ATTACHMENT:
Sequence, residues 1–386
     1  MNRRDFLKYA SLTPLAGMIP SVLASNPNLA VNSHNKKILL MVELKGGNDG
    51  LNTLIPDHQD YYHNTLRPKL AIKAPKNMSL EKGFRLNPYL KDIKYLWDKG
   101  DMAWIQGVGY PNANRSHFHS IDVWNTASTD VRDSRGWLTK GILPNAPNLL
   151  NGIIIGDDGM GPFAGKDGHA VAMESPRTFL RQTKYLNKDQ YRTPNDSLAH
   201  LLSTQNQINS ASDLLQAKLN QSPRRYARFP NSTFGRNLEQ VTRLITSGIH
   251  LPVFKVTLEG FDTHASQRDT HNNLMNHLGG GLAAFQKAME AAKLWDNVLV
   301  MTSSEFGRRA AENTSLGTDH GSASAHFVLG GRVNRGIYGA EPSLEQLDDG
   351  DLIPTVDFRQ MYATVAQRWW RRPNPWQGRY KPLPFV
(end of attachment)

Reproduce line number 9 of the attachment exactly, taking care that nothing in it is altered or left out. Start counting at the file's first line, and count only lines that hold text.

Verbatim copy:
   351  DLIPTVDFRQ MYATVAQRWW RRPNPWQGRY KPLPFV